A long time ago I took a stab at making my own small js library for WebGL development. That taught me a ton but in this modern world, the people developing three.js vastly surpass in their time what you can roll on your own in yours. They made all the classes. I toyed with three.js back in 2016 but quickly reached limits with what was renderable on my old hardware (TBH my current setup is a 2012 macbookpro w/8g m and a 128 SSD…super representative). Since then, they added a class called InstancedMesh which puts the rendering lift of many individual 3d forms directly on the computer’s GPU. Enter BufferGeometry.
The first example is my first implementation of the three.js InstancedMesh class. It renders 4096 “reasonably complex” elements (at 22fps on my setup) with rotations in more or less real time.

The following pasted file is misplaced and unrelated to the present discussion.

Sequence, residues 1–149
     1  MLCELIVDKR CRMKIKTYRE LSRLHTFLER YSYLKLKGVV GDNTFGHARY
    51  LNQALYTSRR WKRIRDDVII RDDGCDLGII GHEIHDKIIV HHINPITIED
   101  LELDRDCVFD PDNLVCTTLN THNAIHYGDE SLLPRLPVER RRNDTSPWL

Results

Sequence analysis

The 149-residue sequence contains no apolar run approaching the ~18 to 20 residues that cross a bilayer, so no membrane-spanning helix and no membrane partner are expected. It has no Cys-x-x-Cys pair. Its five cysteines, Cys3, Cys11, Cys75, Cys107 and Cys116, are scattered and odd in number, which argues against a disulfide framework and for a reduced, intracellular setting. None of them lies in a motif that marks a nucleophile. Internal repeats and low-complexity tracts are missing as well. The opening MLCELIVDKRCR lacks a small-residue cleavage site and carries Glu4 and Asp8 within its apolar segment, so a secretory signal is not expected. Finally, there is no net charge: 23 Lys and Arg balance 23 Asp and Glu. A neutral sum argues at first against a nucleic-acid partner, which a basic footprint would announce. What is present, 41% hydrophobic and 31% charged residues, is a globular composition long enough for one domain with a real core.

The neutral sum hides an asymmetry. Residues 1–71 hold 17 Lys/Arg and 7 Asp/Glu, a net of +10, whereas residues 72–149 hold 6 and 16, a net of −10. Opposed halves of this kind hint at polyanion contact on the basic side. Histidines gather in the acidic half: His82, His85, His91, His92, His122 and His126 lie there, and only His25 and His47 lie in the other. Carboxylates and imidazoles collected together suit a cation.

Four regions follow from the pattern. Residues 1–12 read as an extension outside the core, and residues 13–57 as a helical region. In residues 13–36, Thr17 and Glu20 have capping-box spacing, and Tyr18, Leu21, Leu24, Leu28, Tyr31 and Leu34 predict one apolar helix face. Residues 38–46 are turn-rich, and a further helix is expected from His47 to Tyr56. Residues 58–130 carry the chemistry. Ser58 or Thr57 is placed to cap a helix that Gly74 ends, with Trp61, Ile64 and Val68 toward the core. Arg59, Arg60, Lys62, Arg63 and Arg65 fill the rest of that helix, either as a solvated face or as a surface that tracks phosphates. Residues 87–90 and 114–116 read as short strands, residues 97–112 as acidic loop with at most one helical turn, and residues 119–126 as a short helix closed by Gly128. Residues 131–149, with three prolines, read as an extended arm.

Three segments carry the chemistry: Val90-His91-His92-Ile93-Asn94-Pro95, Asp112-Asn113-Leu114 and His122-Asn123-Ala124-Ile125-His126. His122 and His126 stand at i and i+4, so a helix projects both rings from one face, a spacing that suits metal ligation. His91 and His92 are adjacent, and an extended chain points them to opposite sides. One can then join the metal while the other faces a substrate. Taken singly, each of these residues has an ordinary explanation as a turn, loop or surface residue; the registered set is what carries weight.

The second example builds on that with some other fun stuff. The fun stuff includes a use of their(three.js) SVGLoader class-> the ambition being loading SVG’s directly into a WebGL context which, as you can imagine, is stupid enticing for a person that’s done unimaginable amounts of work in illustrator. It is a traversible space; exploring in 3d the same multiple-choice narrative strategy as the AEROSOL project does in 2d.
These are the the pulps (still wip):
Example 2: https://scottandrecampbell.com/static/index-nice.html (desktop for full events)
PS: WebGL is a rasterization engine (not orthodox here, look for more vector-based solutions) :).